Feel free to try these problems. Share them with friends and colleagues. Use them however you see fit!

I will post the answer to the problems two days later, after people have had time to respond.

To post your response, simply send an email to me @ info@SingingTurtle.com
and make your Subject: Fun Problem.

The problem: Which provides the fuller fit? Putting a circular peg in a square hole, or putting a square peg in a circular hole? To get credit, show all work, and justify your answer by expressing each “fit” as a percent.

a) By “fit,” I mean the ratio of the smaller shape to the larger shape, expressed as a percent. For
example, if a ratio is 4 to 5, that would represent a “fit” of 80 percent.

b) For the circular peg in the square hole, assume that the diameter of the circle equals the side of the
square. For the square peg in a circular hole, assume that the diameter of the circle equals the diagonal of the square.

c) By “fuller fit,” I mean the larger of the two ratios.

Have fun!

### Answer to Problem of the Week – 10/18/2010

Problem of the Week – Answer

Here again is the problem:

Katja and Anthony are on a sightseeing trip in the western United States. Beginning where they land in Santa Fe, NM, they drive 80 miles east to see the historic wild west town of Las Vegas, NM. Then they travel 50 miles north to visit the Kiowa National Grasslands . Next they drive 140 miles west to visit Chaco Canyon National Historical Park. Finally they journey 130 miles south to visit El Malpais National Monument. When they reach El Malpais, how many miles are they from their starting point in Santa Fe?

And here is the answer, sent in by Eric Trujillo, a computer engineer based in Salem, OR.

“After taking trip, the pair are 100 miles away from their SF starting point. I calculated by drawing a diagram and then using the Pythagorean theorem. Sides triangle were 60 and 80 miles, so hypotenuse = 100 miles, using 3-4-5 right triangle relationship.”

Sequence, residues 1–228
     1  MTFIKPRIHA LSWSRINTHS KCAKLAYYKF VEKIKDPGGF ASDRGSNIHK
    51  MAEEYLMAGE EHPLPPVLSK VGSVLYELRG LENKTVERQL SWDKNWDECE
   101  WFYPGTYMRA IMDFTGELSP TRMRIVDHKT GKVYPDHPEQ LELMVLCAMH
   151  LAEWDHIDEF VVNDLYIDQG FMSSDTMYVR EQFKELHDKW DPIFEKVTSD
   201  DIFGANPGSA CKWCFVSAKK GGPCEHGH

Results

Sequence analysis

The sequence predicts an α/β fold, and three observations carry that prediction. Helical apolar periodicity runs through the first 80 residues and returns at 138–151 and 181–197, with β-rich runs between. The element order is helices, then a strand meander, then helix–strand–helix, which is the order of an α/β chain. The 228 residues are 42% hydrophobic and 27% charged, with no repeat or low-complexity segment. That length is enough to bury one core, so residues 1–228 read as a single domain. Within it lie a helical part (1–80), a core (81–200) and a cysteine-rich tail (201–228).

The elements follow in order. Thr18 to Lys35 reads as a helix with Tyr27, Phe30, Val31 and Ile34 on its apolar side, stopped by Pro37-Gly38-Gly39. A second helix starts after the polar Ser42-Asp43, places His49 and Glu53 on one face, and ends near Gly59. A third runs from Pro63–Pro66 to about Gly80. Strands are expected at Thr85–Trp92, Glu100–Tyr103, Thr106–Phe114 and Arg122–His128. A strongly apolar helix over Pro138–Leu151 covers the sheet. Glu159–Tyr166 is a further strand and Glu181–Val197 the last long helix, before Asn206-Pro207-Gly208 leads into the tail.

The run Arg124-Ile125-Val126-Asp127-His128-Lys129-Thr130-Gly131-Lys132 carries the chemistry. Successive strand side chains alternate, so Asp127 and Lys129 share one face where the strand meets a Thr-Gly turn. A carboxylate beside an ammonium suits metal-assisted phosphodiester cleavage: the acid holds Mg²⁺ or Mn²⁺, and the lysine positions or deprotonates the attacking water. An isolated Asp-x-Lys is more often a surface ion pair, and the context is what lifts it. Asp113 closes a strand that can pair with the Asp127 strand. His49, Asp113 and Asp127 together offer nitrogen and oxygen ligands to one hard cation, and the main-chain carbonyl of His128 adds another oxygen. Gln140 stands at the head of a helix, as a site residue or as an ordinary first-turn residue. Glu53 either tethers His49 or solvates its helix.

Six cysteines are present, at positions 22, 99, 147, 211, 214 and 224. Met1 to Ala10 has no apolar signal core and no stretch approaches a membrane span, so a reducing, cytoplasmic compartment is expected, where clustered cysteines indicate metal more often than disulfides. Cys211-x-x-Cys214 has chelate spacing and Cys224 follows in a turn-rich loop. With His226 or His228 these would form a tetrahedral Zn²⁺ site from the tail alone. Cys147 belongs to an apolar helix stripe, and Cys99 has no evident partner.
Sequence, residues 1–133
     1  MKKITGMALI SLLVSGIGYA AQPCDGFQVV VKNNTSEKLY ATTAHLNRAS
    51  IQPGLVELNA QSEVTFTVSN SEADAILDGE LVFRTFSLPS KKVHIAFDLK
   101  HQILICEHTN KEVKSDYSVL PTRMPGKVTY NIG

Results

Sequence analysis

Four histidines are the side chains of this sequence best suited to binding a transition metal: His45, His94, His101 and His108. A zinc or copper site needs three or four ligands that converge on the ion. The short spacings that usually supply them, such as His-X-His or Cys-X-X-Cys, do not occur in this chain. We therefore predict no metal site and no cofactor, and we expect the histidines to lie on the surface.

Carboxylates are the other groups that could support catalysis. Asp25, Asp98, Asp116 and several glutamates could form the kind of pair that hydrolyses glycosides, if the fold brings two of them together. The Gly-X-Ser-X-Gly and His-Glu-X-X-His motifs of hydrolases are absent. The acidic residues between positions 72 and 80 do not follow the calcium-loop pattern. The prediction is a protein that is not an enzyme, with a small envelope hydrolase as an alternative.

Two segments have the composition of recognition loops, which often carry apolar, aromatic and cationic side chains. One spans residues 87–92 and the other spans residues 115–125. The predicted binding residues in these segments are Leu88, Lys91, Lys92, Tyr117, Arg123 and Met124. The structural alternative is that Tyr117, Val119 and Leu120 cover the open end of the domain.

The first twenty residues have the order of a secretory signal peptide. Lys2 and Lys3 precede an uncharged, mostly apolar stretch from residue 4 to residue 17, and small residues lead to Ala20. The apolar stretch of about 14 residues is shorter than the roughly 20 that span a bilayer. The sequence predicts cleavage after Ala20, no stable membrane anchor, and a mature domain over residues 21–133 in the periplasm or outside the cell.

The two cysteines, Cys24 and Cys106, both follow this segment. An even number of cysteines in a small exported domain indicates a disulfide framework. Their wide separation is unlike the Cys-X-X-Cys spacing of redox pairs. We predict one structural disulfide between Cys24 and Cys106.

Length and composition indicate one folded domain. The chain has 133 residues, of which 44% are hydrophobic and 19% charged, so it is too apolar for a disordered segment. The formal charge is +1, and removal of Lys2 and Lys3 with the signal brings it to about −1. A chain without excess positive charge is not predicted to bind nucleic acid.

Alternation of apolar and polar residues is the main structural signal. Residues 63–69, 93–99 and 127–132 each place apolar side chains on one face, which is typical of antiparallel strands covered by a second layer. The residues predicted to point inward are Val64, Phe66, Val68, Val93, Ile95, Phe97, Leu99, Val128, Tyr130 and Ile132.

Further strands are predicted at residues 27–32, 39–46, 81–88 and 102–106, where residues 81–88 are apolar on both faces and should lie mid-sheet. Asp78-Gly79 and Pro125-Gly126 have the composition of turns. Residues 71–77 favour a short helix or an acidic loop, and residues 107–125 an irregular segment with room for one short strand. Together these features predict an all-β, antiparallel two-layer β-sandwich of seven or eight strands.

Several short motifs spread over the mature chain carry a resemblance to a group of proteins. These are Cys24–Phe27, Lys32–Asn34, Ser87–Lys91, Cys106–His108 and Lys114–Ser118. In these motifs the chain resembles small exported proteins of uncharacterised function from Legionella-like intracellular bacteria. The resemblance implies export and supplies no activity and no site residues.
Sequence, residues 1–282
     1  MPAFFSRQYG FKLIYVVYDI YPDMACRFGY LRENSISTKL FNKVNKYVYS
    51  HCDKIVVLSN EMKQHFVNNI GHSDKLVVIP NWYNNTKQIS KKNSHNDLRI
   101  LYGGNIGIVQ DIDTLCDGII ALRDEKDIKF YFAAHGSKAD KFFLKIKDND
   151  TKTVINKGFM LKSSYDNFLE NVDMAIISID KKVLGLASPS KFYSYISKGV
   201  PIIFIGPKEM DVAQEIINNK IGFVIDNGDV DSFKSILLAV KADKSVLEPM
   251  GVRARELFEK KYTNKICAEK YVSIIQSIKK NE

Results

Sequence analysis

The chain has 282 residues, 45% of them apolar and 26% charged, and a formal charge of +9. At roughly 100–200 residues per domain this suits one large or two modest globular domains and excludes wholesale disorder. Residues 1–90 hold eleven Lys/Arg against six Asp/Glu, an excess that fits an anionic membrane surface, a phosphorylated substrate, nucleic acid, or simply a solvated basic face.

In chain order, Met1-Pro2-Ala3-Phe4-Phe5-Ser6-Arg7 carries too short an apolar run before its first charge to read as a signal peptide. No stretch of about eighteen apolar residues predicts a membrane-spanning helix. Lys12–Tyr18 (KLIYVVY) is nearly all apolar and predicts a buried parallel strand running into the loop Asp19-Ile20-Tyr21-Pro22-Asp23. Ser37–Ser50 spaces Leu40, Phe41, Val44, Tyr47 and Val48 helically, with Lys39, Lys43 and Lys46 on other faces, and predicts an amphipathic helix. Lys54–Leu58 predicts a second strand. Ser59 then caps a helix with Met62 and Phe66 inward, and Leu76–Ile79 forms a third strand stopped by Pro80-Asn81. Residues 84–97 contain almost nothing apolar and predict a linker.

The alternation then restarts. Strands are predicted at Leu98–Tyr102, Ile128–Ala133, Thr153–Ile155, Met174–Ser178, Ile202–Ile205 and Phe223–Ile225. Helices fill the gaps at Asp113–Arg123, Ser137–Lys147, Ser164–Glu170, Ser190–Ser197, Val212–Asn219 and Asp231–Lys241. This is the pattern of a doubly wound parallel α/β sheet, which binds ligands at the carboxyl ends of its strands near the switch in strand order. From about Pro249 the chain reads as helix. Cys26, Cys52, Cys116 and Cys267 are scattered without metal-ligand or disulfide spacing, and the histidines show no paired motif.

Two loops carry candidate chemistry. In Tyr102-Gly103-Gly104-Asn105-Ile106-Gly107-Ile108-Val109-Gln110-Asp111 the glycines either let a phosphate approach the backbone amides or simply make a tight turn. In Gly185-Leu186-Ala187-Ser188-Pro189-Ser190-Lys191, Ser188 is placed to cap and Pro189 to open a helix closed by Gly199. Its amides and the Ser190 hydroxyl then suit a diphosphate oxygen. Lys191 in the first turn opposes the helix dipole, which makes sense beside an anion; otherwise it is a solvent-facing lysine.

Thank you for that reply, Eric.

### Problem of the Week – 10/18/2010

[Note:  I really am not getting a check from the New Mexico Tourism Department for this post, though I wouldn’t mind if they sent me one!]

Katja and Anthony are on a sightseeing trip in the western United States. Beginning where they land in Santa Fe, NM, they drive 80 miles east to see the historic wild west town of Las Vegas, NM. Then they travel 50 miles north to visit the Kiowa National Grasslands . Next they drive 140 miles west to visit Chaco Canyon National Historical Park. Finally they journey 130 miles south to visit El Malpais National Monument. When they reach El Malpais, how many miles are they from their starting point in Santa Fe?

Please explain how you found your answer, and send answers either as comments to this post, or as emails w/ subject POTW, sent to josh@SingingTurtle.com    I will not post your comments unless and until I determine that it is correct. And then, only on the day when I send out the answer on my blog.

Kivas in Chaco Canyon, New Mexico

The problem, once again:

For any polygon, a “diagonal” is defined as a line segment that runs from one vertex  to another, running  through the polygon’s interior. Find a formula that determines the number of diagonals in any convex polygon with n sides. Once you have the formula, use it to figure out the number of diagonals in a convex polygon with 1,000 sides (don’t try this by hand! — that’s why algebra was invented).

The winning answer was provided by Chris Mark. The formula, for a convex polygon with n sides, is this:  Number of Diagonals =  [n(n– 3)]/2. For n = 1000, the number of diagonals = 498,500.

The reasoning behind the formula. A polygon has as many vertices as sides. So a polygon with n sides also has n vertices. Now, consider any vertex of the n-gon. From that vertex the number of diagonals that can be drawn is (n – 3). That is because we cannot draw a diagonal to 3 vertices:  the vertex chosen, and the two adjacent vertices. So the expression (n – 3) = the number of diagonals that can be drawn from any vertex. We multiply (n – 3) by n to obtain the total number of diagonals that can be drawn from all n vertices. But if we simply multiply n by (n – 3), we’d be counting each diagonal twice. To eliminate that problem, we divide the product, [ n(n – 3)], by 2, and that provides the correct formula:

Diagonals  =  [n(n – 3)]/2

Applying this formula to a convex polygon with 1,000 sides, we see that the number of diagonals =  498,500.

In addition to providing the answer, Chris pointed out that the problem need not be restricted to regular polygons, as it was when posted. This formula works for all convex polygons, regular or not.

Thanks, Chris. And thanks to everyone who submitted answers.